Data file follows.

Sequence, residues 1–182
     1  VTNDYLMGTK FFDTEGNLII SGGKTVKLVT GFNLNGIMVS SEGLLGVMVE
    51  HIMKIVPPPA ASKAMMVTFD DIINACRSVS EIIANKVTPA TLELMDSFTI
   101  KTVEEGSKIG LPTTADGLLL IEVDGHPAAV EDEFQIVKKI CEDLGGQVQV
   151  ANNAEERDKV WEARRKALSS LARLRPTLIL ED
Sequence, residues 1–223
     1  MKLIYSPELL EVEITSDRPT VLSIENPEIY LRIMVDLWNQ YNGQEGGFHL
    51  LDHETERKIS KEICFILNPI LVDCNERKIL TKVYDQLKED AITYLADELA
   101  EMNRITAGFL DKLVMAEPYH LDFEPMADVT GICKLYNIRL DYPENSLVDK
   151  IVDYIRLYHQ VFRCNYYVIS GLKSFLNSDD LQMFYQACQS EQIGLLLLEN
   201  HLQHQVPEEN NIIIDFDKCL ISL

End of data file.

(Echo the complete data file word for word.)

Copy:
Sequence, residues 1–182
     1  VTNDYLMGTK FFDTEGNLII SGGKTVKLVT GFNLNGIMVS SEGLLGVMVE
    51  HIMKIVPPPA ASKAMMVTFD DIINACRSVS EIIANKVTPA TLELMDSFTI
   101  KTVEEGSKIG LPTTADGLLL IEVDGHPAAV EDEFQIVKKI CEDLGGQVQV
   151  ANNAEERDKV WEARRKALSS LARLRPTLIL ED
Sequence, residues 1–223
     1  MKLIYSPELL EVEITSDRPT VLSIENPEIY LRIMVDLWNQ YNGQEGGFHL
    51  LDHETERKIS KEICFILNPI LVDCNERKIL TKVYDQLKED AITYLADELA
   101  EMNRITAGFL DKLVMAEPYH LDFEPMADVT GICKLYNIRL DYPENSLVDK
   151  IVDYIRLYHQ VFRCNYYVIS GLKSFLNSDD LQMFYQACQS EQIGLLLLEN
   201  HLQHQVPEEN NIIIDFDKCL ISL